A remark like this coming from a hurling pundit would be disappointing. A remark like this coming from the President of the GPA is breathtakingly offensive, and when we consider that there are more GPA members who do not play in either the Liam MacCarthy Cup or the All-Ireland SFC round robin series than there are members who compete at the top level, it would be fascinating to see if there is any fall out within the organization.
Perhaps even more regrettable, however, was the manner in which the whole subject was handled. Only those involved know whether or not Dónal Óg was briefed in advance as to whether or not the matter of his comments would be raised, but one can only assume he would have been. Either way, his attempt to bluster his way out of it, accusing Cantwell of misquoting him – which she didn’t – was fresh out of the Donald Trump/Boris Johnson playbook.
Needless to say RTE didn’t help by slicing up the clip and happily harvesting all those social media likes, follows and views, in the aftermath.
There has always been, and there will always be, divides in the GAA between those who have a primary interest in just one of the two main codes, and those who follow the other. However modern politics has evolved into a sports fan situation, where the person “on our side” is always right, and the person “on the other side” is always wrong, regardless of the substance of what they say.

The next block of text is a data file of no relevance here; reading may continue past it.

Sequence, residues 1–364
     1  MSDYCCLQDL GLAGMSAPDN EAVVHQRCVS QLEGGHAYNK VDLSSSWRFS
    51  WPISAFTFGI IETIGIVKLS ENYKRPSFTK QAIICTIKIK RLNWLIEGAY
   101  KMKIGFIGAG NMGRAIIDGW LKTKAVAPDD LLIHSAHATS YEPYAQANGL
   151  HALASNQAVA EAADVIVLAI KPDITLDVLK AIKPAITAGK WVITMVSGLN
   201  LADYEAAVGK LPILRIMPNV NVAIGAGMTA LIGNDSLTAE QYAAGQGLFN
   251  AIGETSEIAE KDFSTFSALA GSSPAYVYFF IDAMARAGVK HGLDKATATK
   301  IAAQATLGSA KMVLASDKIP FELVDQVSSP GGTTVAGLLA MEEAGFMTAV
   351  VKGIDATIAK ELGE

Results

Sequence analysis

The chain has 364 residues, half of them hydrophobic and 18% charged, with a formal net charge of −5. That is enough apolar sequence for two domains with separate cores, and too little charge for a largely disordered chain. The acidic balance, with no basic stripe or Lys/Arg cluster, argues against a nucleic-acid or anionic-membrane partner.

By getting argumentative and confrontational, Dónal Óg fed into that, and consequently, his support online was drawn almost exclusively from “hurling people” who just wanted to stand behind one of their own.
This method of debate does not serve society, and it does not serve the GAA, where it is an unfortunate truth that what happens on RTE live and highlights shows often dictates the future direction of association policy. Dónal Óg has a huge amount of influence, far more than most elected officials in the GAA. He has earned that to a degree and is entitled to be heard, but it’s also not unreasonable for him to be held to account at the same time.
Whether we are hurling or football people, it would do no harm to step back from the subject of this debate, and ask if the manner in which it played out was detrimental overall.